Spring offers the perfect time to get into gardening. As the ground warms and the days grow longer, it’s time to get your garden going and experience the joy of feeling your hands in soil.
According to Permaculture News: Studies show that gardening promotes physical health, mental health through relaxation and satisfaction, and better nutrition.
Gardening For Your Good Health
Many people report aches and pains and even arthritis in their hands as they age. Gardening provides a low-impact way for keeping hand muscles agile. The repetitive movements of snipping, grabbing and pulling weeds in a garden can improve dexterity and fitness.
Oddly enough, researchers have found that a bacteria usually found in soil and dirt — mycobacterium vaccae — can prove beneficial to your immune systems.
Creating something beautiful with your own hands, combined with the meditative movements, make gardening a valuable tool against lowering the stress hormone Cortisol.
Because it’s also considered a low-impact activity, it counts toward your daily exercise as well, and exercise is the number one way to keep stress in check.
The Mind Body Benefits of Gardening
- It’s easy. Maybe you have a green thumb and maybe you don’t. Green thumbs aren’t required for all plants. Herbs, for example, are easy to grow and you can plant them indoors or outdoors. Most just need sun, water, good soil, drainage and a regular trimming when you harvest them. The latter keeps them full and prevents them from going to seed so you can enjoy fresh herbs all season.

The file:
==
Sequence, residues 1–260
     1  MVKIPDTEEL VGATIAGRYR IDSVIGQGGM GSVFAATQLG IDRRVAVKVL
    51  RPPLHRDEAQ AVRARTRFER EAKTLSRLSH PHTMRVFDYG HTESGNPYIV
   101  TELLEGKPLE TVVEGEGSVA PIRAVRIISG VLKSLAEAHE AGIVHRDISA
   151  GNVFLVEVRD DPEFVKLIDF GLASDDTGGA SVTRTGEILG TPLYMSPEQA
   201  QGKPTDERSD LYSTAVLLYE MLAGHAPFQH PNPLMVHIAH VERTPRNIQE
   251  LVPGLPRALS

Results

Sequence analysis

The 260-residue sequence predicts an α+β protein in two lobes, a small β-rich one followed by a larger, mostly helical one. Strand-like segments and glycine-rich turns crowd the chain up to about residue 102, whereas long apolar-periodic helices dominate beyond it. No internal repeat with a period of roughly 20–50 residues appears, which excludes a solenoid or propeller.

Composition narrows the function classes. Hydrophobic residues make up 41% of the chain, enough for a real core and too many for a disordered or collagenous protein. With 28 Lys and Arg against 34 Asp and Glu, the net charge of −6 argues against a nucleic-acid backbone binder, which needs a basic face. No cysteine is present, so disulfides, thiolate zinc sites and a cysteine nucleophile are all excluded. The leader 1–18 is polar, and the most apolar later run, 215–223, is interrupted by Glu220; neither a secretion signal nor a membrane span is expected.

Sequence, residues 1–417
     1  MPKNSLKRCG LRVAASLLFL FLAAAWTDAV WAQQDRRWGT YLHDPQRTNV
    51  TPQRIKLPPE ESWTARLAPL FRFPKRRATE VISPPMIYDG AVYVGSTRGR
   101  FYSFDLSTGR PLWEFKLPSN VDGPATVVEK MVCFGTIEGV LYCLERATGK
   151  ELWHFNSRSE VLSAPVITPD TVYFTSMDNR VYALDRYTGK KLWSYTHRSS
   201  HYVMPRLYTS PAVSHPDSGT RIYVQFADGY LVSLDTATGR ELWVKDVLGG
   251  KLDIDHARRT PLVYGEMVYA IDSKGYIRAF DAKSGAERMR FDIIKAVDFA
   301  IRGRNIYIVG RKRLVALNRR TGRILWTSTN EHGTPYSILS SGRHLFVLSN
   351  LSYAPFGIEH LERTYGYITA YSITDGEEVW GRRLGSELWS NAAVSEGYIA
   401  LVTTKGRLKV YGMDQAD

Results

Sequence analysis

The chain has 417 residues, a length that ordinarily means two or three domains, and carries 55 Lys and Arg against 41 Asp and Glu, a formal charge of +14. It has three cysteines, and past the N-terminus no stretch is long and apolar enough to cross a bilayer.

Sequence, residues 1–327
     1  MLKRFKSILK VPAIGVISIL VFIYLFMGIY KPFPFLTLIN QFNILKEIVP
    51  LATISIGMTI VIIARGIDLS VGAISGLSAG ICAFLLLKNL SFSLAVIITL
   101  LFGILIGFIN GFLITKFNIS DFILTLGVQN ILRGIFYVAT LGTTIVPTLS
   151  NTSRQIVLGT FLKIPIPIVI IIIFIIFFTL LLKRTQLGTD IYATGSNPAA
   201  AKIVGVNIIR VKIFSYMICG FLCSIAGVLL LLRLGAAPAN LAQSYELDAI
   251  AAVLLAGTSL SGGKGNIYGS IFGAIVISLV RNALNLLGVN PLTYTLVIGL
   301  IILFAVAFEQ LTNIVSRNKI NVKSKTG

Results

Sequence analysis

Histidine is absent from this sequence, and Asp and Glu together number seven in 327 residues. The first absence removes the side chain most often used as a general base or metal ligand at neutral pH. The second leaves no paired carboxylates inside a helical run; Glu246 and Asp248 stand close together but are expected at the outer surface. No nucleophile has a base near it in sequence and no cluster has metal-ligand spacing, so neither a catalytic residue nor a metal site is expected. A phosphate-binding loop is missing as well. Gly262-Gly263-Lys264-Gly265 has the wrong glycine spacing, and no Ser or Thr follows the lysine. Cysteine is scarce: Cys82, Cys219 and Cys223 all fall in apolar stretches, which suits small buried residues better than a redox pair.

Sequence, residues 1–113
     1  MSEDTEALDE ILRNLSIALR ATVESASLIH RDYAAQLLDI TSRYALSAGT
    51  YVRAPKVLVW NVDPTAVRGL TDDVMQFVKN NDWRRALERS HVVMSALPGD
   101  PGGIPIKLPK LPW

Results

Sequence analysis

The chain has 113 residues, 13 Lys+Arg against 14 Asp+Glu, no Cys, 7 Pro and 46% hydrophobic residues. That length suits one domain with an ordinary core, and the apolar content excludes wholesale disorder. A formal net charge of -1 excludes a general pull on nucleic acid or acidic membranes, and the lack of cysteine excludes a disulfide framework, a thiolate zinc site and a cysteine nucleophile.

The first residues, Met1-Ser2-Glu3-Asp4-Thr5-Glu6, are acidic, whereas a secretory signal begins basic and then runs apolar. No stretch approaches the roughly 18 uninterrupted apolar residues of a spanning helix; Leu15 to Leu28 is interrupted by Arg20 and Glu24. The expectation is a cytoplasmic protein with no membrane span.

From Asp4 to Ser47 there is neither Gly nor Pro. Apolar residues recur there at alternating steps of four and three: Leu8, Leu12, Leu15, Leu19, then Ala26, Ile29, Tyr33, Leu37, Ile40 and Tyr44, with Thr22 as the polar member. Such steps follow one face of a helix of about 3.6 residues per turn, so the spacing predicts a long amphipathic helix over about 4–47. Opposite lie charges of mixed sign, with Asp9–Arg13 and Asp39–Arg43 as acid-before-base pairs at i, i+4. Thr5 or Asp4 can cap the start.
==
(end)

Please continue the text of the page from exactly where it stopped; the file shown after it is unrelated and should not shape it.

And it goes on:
- It’s rewarding. The process of planning your garden, planting your seeds or plants, caring for them and watching them grow brings a sense of joy and accomplishment. Plus when you harvest them, you reap the rewards of fresh veggies and herbs that make just about any meal taste better.
- It’s relaxing. When you tend to your garden you take the time to focus on caring for your plants. This makes you pause from your daily routine and can help you de-stress. Couple that with the scents of herbs — like mint, lavender, sage and rosemary — which treat your olfactory senses and help you gain a new perspective.
- It’s economical. Growing your own produce can save you money. When you buy fresh veggies and herbs at the grocery store (and who knows how fresh they are), you often have to pay top dollar. Herbs, especially can be costly. If you like to cook with them, this can add up quickly and get quite expensive.
- It’s healthy. Fresh produce has lots of nutritional value and offers health benefits. They contain vitamins, dietary fiber, and other nutrients that help your body fight disease and stay healthy. Low in calories and fat, fresh veggies help you achieve and maintain a healthy weight.
- It’s fun. What can be better than watching your plants grow and tasting your success? And you have the added benefit of growing your own food and knowing exactly where it came from. That’s something to smile about.
With Spring here, it’s time to grow something green! No matter how old you are or if you live in the country or city, if you have a lot of time or a little, you can create a slice of nature at home in a garden.
Blog cover photo by gardener extraordinaire, Alan Chadwick